Apple’s Platform Security has a good page on the details of how Touch ID works with the new Magic Keyboard and Apple Silicon Macs:

The Magic Keyboard with Touch ID performs the role of the
biometric sensor; it doesn’t store biometric templates, perform
biometric matching, or enforce security policies (for example,
having to enter the password after 48 hours without an unlock).
The Touch ID sensor in the Magic Keyboard with Touch ID must be
securely paired to the Secure Enclave on the Mac before it can be
used, and then the Secure Enclave performs the enrollment and
matching operations and enforces security policies in the same way
it would for a built-in Touch ID sensor. Apple performs the
pairing process in the factory for a Magic Keyboard with Touch ID
that is shipped with a Mac. Pairing can also be performed by the
user if needed. A Magic Keyboard with Touch ID can be securely
paired with only one Mac at a time, but a Mac can maintain secure
pairings with up to five different Magic Keyboard with Touch ID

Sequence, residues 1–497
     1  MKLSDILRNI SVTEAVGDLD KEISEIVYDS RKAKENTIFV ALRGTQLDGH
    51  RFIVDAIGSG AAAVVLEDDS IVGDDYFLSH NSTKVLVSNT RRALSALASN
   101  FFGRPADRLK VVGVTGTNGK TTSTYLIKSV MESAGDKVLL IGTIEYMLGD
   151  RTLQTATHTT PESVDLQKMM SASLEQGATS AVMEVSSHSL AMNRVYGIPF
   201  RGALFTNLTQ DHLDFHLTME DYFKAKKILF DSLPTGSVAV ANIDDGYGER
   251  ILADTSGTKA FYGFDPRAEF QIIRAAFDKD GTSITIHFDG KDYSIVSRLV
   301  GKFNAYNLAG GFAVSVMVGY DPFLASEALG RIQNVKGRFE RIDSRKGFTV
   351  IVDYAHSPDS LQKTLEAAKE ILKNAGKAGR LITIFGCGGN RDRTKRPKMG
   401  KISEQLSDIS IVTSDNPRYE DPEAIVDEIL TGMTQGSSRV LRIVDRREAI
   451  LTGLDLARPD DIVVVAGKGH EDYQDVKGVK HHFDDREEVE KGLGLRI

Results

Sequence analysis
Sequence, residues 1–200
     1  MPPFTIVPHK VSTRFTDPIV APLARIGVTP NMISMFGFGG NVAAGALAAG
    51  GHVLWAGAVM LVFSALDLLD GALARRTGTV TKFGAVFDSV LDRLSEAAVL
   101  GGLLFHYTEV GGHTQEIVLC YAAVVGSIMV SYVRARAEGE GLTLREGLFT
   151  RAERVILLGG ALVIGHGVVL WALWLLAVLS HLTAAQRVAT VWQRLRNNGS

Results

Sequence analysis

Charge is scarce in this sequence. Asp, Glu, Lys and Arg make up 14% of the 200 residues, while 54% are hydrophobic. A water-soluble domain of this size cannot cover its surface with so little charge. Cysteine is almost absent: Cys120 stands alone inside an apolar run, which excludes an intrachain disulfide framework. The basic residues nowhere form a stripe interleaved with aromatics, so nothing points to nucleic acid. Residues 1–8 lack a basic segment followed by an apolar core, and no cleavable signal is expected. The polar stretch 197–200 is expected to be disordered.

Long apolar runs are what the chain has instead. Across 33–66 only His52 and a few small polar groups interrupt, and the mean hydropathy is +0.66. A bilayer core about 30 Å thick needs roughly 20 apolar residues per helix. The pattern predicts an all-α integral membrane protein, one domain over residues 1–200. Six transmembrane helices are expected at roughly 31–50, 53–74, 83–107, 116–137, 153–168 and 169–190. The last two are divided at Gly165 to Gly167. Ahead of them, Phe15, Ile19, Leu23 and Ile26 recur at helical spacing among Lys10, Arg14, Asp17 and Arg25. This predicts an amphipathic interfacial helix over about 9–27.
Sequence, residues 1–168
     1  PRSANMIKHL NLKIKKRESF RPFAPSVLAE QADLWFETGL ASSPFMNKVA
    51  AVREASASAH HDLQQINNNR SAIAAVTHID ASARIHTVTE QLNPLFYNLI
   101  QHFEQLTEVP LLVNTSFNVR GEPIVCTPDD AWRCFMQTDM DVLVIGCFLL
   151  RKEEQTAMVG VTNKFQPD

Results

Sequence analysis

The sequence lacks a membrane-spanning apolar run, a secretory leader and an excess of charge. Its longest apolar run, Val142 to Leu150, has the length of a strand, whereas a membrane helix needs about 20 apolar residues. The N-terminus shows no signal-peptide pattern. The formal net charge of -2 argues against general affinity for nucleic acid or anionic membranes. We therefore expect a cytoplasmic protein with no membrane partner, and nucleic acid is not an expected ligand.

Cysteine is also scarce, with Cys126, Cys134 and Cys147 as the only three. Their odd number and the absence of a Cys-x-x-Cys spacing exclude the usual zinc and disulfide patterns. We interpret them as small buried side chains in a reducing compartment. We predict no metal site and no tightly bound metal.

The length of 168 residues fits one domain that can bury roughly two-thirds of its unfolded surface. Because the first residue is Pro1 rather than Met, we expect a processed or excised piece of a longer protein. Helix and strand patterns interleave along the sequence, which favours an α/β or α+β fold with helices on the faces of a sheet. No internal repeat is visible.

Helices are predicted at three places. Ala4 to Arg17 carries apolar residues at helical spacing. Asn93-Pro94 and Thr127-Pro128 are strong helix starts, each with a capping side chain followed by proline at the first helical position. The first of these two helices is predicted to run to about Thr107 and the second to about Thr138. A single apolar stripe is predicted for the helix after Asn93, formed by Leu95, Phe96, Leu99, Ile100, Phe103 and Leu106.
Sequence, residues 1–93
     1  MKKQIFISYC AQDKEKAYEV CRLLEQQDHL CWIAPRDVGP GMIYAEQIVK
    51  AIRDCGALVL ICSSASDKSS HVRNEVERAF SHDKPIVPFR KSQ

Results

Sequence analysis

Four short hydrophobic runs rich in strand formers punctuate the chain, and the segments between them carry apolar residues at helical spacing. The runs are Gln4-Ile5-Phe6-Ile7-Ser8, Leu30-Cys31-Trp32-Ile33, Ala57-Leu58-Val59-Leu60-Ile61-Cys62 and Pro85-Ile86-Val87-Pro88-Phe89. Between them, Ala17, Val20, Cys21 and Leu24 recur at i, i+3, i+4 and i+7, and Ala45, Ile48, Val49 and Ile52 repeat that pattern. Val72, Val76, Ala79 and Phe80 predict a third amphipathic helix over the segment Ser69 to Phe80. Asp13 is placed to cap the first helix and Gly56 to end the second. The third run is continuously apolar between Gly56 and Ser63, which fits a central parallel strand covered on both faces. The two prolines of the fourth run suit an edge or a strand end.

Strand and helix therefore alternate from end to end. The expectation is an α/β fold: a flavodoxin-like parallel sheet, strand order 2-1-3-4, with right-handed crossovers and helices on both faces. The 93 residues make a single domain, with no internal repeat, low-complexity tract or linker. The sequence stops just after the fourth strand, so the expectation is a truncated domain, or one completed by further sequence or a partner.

keyboards.



So I was wrong in my article on “secure intent” this week — the Magic Keyboard With Touch ID does not contain its own local Secure Enclave. It pairs with the Secure Enclave in the Mac with which it’s paired. But this contradicts the Platform Security page about “secure intent”, which states: “the connection is a physical link — from a physical button to the Secure Enclave”. The Magic Keyboard With Touch ID has a wireless, not physical, link to the paired Mac’s Secure Enclave. This Platform Security guide page has details about how Apple makes that work securely.

The Magic Keyboard with Touch ID and built-in Touch ID sensors are
compatible. If a finger that was enrolled on a built-in Mac Touch
ID sensor is presented on a Magic Keyboard with Touch ID, the
Secure Enclave in the Mac successfully processes the match — and
vice versa.

I did not know this — nifty.

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